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Pesticide Storage An educational module for the Pesticide Environmental Stewardship Web Site Created by: Wayne G. Buhler, Ph. D. Pesticide Safety Education Specialist North Carolina State University Raleigh, NC
Proper storage protects… n n n People Animals Environment
It also prevents… n n Damage to the pesticide and its container Theft , vandalism, and unauthorized use
Always read and follow the label n n Before purchasing the product make sure that you can meet the minimum requirements for safe storage. Look for statements under “Storage and Disposal”, “Note”, or “General Instructions”.
Label statements n Mostly general Ø Ø n Some specific Ø n “store in cool, dry area” “Keep out of reach…” Temperature and humidity restrictions Allow for state and local laws to be stricter
Material Safety Data Sheet n n Available at dealerships or on-line Lists physical and chemical properties Identifies hazards and first aid Provides additional handling and storage information
Educational module outline Storage building and location n Key features of all storage facilities n Safety requirements and guidelines n Planning for emergencies n Ways to reduce storage n
Choosing a location n Consult with local fire marshal for codes and regs. Locate in an area where flooding is unlikely Maintain a 50 -100 ft. distance from wells, surface waters, (downwind from) animal feeding stations, and dwellings.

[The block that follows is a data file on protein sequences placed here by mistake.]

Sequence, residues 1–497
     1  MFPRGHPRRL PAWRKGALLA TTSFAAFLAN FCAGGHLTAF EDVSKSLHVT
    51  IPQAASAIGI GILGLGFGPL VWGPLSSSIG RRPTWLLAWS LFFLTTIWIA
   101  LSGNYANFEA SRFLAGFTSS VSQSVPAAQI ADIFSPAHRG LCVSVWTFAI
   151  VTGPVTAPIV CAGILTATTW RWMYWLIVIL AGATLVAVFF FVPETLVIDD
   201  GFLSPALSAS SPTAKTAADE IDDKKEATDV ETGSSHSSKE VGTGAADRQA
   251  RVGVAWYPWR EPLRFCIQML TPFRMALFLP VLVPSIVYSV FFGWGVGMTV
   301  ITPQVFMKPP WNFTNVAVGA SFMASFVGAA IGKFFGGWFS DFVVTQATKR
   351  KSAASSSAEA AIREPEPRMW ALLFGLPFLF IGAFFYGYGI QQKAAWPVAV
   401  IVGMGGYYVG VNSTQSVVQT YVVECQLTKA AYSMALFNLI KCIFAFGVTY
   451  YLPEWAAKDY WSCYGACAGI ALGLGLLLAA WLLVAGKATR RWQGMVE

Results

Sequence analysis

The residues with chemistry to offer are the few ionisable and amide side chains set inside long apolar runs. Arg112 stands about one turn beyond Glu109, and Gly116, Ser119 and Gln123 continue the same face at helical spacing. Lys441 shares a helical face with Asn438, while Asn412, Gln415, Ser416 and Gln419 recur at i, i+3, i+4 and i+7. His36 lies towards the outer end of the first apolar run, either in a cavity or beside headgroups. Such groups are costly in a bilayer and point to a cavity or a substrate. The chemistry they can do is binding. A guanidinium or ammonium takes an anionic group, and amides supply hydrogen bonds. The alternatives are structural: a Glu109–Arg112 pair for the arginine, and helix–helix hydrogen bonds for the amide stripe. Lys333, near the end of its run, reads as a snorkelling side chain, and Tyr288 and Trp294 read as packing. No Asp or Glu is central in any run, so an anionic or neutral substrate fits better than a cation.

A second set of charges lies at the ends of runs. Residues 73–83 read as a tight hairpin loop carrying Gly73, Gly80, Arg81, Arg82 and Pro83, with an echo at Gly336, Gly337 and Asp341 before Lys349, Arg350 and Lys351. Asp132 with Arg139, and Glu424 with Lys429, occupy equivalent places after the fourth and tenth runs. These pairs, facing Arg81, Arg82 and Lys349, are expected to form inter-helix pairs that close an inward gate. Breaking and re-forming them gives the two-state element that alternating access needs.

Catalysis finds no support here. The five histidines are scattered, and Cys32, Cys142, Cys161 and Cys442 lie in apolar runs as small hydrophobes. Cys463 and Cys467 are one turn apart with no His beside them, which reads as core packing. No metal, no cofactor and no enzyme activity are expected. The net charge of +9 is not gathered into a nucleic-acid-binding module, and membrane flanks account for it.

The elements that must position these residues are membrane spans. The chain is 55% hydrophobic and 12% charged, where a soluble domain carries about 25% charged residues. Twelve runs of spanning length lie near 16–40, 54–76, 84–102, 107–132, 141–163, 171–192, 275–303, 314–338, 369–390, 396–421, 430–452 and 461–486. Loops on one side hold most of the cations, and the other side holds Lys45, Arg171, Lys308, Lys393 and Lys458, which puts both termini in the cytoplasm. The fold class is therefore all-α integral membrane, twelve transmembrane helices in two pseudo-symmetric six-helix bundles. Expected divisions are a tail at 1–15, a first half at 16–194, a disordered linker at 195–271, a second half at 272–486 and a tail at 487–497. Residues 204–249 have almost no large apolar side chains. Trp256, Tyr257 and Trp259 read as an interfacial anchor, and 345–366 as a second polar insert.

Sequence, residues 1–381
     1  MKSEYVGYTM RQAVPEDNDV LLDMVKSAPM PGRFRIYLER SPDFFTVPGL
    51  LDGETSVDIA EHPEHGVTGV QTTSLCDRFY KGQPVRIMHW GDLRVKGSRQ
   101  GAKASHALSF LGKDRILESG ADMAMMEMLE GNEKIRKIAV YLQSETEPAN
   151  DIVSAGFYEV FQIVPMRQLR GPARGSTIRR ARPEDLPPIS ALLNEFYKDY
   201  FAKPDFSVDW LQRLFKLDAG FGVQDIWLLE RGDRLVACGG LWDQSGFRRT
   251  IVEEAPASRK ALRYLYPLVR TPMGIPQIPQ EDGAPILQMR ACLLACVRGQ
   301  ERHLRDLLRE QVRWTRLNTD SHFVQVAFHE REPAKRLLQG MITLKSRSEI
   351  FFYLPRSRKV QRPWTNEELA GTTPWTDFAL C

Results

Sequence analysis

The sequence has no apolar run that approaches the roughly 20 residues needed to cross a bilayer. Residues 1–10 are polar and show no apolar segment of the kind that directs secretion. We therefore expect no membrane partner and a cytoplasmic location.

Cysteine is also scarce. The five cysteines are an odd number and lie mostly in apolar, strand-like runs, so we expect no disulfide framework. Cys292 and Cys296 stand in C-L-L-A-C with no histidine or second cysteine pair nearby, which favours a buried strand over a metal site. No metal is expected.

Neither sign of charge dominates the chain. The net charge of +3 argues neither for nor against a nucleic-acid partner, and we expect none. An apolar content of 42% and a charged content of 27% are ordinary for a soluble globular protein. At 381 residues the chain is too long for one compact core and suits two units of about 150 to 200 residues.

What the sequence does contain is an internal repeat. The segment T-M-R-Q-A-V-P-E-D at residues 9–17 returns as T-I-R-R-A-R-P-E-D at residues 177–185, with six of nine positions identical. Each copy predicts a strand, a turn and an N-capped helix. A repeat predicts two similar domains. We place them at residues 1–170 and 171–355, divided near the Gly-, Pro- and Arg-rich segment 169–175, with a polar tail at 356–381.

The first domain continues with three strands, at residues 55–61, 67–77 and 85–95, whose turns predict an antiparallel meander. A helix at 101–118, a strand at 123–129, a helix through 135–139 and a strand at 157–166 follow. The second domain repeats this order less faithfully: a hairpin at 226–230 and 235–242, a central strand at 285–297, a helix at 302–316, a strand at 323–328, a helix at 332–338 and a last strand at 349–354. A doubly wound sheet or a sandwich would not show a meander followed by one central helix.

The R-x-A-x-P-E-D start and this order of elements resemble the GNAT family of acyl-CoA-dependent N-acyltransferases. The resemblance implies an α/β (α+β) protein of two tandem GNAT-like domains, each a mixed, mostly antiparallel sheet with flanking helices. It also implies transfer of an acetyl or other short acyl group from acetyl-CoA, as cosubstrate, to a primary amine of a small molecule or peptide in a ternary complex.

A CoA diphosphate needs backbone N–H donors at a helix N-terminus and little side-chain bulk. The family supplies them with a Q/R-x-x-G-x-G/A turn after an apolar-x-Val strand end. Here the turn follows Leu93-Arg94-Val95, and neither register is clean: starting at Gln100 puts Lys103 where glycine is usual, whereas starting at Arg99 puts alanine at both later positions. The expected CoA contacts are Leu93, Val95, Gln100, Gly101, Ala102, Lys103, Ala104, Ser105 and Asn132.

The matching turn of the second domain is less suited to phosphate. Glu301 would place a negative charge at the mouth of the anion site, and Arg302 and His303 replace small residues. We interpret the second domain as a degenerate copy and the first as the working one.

Storage building n n Several options to explore High volume of pesticides should be stored in their own facility Plans available in print or on-line Many plans have engineering specs for mix/load area with storage and cleanup facilities J. Moody, NCCES
Size depends on need n n n Storage shed Portable storage unit Designated area inside another facility T. Bowman, NCDA&CS
Cabinets for small amounts
Key features of all storage facilities Prevent unauthorized access n Protect the environment n Maintain appropriate conditions n
Keep it secure n n n Make sure all entrances are locked when not in use Gated entrances should be locked as well Limit access to keys
Security lighting helps deter crime
Post warning signs at entrances T. Bowman, NCDA&CS
Protecting the environment n n n Floors should be made of non-porous material, free of cracks Allows for easier cleanup Construct floors with 2 - to 4 -inch lip or recess below the level of the doors to contain large spills
The problem with drains n NCDA&CS n Existing floor drains must be sealed unless connected to a tank that can be cleaned out Outflow must be captured and disposed as hazardous waste
Non-absorbent shelving material n n n Metal shelves with lip to contain spills Wooden shelves coated with epoxy paint or plastic Containment trays or pans
Proper Conditions: Ventilation and Humidity n n n Constant ventilation needed to remove vapors, excess heat, and humidity Provides safe conditions for workers and extends shelf life of pesticides Use exhaust fans or passive vents Exhaust air directly to outside May be reduced in winter NCDA&CS